The problems, I guess you'd have to call them, began last fall. Till then, Andi and I had never received any bad reports on Eric. In the six years we'd had him in Traubman V. Goldfarb, his teachers' main negative comments were that his handwriting and spelling were atrocious and that when asked to speak in class, he would either mumble a response or make incomprehensible puffing noises from the side of his mouth (if you'd call that a negative comment). In class, one of his two close friends, Dickie Schmertz or Little Lowell Simkins, would usually step forward to speak/translate for Eric. In the lunchroom, his half-sister Renata would do the same. During these years—the years after I finally got custody of Eric—Andi and I did all we could to keep him on level with his classmates and to protect him from being teased. We were aware, naturally, that Eric didn't enunciate well in public. I was a stutterer until the fourth grade. The point is, you can get over things. We invested in a private speech therapist for Eric and by sixth grade got him caught up. We were aware also of Eric's writing inadequacies and Andi worked long hours with him on his English and Hebrew. By the end of seventh grade we had gotten his grades up to one C and the rest B's and A's. Things looked potentially good for college.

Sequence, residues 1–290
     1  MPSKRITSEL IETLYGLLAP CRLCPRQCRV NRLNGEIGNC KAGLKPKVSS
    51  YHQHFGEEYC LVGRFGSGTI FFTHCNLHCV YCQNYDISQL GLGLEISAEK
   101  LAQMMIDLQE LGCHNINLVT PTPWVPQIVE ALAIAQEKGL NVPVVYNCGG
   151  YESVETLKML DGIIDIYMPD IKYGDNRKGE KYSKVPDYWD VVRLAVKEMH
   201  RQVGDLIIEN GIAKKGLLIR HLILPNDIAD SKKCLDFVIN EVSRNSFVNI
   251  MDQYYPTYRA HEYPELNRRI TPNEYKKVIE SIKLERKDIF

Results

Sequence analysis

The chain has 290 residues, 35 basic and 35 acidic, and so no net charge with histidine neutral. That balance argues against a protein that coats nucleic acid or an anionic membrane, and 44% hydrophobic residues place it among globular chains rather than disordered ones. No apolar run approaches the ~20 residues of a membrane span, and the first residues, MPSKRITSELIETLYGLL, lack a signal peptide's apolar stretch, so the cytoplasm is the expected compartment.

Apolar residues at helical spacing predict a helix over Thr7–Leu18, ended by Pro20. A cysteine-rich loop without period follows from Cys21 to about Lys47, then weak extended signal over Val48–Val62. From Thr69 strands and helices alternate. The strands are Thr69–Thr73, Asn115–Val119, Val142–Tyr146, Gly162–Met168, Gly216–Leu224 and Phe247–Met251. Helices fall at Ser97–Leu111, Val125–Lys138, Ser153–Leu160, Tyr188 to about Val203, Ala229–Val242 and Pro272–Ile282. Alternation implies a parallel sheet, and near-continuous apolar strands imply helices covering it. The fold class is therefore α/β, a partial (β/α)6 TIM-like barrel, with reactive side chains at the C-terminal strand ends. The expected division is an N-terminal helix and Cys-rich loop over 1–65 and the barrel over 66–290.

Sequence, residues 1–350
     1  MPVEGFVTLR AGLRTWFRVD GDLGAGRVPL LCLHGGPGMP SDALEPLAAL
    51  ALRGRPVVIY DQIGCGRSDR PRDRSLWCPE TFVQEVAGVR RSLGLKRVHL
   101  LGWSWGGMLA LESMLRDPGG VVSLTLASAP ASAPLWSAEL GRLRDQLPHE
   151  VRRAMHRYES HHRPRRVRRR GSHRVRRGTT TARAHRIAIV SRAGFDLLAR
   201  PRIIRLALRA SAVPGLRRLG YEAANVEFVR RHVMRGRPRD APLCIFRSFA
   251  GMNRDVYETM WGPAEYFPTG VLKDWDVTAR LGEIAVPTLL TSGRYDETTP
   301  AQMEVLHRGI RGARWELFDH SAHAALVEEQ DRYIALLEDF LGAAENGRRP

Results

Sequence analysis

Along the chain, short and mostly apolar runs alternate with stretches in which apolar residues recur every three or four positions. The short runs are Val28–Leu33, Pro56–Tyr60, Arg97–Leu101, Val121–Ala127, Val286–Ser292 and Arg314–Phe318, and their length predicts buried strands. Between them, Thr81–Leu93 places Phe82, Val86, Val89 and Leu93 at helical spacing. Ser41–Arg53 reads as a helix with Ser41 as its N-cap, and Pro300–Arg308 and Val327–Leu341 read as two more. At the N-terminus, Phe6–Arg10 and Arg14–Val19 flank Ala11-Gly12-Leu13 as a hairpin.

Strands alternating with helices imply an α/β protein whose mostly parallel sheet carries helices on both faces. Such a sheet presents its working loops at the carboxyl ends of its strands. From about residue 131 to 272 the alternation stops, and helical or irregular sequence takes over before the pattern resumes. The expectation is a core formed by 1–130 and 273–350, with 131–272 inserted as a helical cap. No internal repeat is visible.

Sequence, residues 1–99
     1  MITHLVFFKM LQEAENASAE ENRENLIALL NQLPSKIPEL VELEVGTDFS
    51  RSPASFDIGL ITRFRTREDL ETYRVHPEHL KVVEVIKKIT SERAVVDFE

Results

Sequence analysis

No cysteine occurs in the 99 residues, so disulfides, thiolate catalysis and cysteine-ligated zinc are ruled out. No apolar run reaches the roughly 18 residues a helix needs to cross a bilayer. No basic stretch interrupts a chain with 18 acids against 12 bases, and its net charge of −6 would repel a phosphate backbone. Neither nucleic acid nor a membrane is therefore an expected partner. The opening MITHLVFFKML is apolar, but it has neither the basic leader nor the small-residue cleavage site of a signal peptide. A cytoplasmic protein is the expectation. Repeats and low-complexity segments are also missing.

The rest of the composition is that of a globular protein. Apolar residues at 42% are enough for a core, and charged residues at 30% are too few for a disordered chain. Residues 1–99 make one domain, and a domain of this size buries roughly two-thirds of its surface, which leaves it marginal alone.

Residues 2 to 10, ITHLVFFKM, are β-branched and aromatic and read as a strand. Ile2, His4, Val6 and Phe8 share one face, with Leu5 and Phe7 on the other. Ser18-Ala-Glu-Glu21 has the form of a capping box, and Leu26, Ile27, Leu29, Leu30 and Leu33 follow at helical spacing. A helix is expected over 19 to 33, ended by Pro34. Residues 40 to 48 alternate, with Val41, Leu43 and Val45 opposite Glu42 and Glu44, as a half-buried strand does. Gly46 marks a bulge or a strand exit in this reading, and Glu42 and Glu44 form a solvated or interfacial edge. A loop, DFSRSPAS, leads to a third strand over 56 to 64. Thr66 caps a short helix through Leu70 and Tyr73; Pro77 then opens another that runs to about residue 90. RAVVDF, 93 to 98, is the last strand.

Eric's Bar Mitzvah fell in late September, when many of the other kids in his class had already had theirs. Eric, I know, did not look forward to the Bar Mitzvah. He would say it was only going to be a letdown for everyone. Eric is a little shy, and like me, I suppose, prefers to avoid large gatherings. Then there was the whole public speaking aspect of the Bar Mitzvah that he wanted no part of. Still, some things you have to do, a Bar Mitzvah is one of them, and Eric understood that. His attitude, I would say, was overall very positive.